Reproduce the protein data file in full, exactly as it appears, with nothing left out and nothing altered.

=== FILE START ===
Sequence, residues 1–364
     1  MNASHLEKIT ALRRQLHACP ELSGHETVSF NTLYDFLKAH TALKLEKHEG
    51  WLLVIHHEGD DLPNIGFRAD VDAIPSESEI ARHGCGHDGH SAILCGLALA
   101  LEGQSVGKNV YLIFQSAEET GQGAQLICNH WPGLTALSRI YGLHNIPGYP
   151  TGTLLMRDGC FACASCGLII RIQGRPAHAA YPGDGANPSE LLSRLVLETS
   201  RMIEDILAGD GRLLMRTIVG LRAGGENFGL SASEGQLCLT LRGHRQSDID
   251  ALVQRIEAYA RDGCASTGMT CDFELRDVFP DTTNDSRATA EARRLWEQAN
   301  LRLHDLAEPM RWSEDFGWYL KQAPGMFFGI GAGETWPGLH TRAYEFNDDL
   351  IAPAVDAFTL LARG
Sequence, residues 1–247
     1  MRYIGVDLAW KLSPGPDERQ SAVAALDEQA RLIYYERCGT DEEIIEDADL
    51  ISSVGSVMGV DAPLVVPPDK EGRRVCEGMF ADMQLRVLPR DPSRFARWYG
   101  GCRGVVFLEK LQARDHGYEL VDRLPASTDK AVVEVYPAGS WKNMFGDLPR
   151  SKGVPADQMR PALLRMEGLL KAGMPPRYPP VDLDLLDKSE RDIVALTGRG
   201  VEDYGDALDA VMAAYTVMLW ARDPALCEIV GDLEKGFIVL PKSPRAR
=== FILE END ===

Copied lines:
Sequence, residues 1–364
     1  MNASHLEKIT ALRRQLHACP ELSGHETVSF NTLYDFLKAH TALKLEKHEG
    51  WLLVIHHEGD DLPNIGFRAD VDAIPSESEI ARHGCGHDGH SAILCGLALA
   101  LEGQSVGKNV YLIFQSAEET GQGAQLICNH WPGLTALSRI YGLHNIPGYP
   151  TGTLLMRDGC FACASCGLII RIQGRPAHAA YPGDGANPSE LLSRLVLETS
   201  RMIEDILAGD GRLLMRTIVG LRAGGENFGL SASEGQLCLT LRGHRQSDID
   251  ALVQRIEAYA RDGCASTGMT CDFELRDVFP DTTNDSRATA EARRLWEQAN
   301  LRLHDLAEPM RWSEDFGWYL KQAPGMFFGI GAGETWPGLH TRAYEFNDDL
   351  IAPAVDAFTL LARG
Sequence, residues 1–247
     1  MRYIGVDLAW KLSPGPDERQ SAVAALDEQA RLIYYERCGT DEEIIEDADL
    51  ISSVGSVMGV DAPLVVPPDK EGRRVCEGMF ADMQLRVLPR DPSRFARWYG
   101  GCRGVVFLEK LQARDHGYEL VDRLPASTDK AVVEVYPAGS WKNMFGDLPR
   151  SKGVPADQMR PALLRMEGLL KAGMPPRYPP VDLDLLDKSE RDIVALTGRG
   201  VEDYGDALDA VMAAYTVMLW ARDPALCEIV GDLEKGFIVL PKSPRAR